The levels of fine (PM2.5), derived from combustion sources, in both outdoor and indoor environments within cities can be very high and are therefore of health concern. In recent years, the focus of several air pollution studies has shifted from PM2.5 to other urban pollutants such as Black Carbon (BC) and ultrafine particles (UFP) due to their association with negative health effects. BC is a light-absorbing component of PM, and a good indicator of exposure to harmful particulate-bound chemical substances such as polycyclic aromatic hydrocarbons (PAHs) emitted from combustion sources such as urban vehicular traffic. UFP (those with aerodynamic diameter less than 0.1 μm) may be more toxic than PM2.5 due to their enhanced pulmonary deposition efficiency and much higher surface area.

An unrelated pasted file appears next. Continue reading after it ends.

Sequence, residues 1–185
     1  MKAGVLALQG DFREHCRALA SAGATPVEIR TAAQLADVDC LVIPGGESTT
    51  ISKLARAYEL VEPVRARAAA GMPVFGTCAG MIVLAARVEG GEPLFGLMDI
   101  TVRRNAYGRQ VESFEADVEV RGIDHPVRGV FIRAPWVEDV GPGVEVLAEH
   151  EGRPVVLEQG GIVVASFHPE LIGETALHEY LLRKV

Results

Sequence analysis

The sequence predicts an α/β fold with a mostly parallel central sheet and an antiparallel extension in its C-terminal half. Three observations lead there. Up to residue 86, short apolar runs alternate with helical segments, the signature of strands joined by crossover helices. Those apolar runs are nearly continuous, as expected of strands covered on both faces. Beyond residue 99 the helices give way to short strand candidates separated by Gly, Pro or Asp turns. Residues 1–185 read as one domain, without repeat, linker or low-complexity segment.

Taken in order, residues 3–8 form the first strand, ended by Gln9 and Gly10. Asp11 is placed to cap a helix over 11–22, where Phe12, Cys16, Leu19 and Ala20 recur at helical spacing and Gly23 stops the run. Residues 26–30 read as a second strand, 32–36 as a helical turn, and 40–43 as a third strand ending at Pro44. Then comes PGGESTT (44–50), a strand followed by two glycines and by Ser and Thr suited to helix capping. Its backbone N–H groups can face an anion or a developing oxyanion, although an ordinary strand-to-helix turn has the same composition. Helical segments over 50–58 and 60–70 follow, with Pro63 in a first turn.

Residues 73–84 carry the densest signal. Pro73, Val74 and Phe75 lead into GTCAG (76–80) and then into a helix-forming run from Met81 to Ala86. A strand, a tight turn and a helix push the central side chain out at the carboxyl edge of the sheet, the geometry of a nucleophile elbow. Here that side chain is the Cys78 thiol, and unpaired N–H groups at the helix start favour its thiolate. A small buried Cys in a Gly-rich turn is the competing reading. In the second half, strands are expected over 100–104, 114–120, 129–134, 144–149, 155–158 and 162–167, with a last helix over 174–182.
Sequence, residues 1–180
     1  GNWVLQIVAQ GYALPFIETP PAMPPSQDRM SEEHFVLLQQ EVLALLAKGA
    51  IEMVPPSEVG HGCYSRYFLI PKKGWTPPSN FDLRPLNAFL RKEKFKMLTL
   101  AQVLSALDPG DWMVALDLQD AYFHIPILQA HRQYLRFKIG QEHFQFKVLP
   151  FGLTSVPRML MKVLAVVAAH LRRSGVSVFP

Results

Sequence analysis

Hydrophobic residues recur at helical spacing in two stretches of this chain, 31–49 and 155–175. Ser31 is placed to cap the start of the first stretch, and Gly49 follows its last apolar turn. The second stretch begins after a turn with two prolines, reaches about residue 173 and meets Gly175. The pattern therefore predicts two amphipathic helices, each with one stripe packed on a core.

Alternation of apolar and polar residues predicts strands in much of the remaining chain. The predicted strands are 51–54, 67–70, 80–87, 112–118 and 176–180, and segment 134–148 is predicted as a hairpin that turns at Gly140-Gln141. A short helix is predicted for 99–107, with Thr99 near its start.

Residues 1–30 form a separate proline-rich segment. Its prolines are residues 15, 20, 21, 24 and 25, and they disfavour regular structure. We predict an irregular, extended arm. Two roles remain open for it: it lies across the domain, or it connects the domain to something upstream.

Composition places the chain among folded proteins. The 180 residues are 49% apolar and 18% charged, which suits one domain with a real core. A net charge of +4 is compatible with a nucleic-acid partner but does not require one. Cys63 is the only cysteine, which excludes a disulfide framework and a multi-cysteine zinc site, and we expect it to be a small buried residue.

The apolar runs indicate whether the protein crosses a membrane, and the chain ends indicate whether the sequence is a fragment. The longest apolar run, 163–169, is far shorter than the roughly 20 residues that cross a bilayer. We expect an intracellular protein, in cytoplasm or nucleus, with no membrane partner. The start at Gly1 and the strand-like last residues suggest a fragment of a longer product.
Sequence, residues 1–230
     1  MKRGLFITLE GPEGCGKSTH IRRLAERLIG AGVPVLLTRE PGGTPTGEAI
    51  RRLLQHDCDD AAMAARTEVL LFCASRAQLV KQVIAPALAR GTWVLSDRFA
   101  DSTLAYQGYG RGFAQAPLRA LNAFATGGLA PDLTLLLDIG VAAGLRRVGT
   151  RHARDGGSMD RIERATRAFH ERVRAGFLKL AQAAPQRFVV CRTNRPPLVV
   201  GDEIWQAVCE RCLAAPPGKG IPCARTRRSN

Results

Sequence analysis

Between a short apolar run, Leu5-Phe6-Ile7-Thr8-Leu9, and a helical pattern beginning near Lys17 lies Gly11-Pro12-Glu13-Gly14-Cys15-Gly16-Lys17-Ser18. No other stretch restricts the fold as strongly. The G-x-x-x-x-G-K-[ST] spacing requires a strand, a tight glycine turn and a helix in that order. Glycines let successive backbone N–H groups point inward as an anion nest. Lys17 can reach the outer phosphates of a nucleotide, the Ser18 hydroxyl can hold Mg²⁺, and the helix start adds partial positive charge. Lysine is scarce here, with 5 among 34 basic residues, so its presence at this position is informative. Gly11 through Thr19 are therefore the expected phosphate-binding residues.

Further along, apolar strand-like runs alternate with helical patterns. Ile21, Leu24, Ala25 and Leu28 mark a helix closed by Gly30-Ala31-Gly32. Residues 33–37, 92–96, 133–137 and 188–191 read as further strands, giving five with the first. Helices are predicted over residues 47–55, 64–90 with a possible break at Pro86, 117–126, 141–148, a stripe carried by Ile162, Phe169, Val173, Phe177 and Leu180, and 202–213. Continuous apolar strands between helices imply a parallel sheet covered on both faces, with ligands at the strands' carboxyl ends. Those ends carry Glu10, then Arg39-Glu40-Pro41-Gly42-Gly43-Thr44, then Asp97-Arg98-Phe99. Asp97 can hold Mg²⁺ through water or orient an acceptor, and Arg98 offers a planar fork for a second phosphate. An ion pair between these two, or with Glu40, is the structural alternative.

We assessed the personal exposure to PM2.5, UFPs and BC in diverse outdoor and indoor microenvironments (MEs) in Singapore. Since individuals are always on the move, it is important to follow their activity patterns, which determine their actual exposure. Consequently, a GPS was used to track individual’s movement and exposure across MEs. Potential health risks associated with inhalation exposure to airborne particles were estimated. ... mehrThe findings obtained from the study can be useful for citizens to make informed choices to reduce their exposures to particulate pollution in both outdoor and indoor environments. In addition, the study outcomes provide a scientific basis for the government to implement effective mitigation measures to lower people’s exposure to airborne particles at the city scale, contributing to improved urban air quality and enhanced health benefits.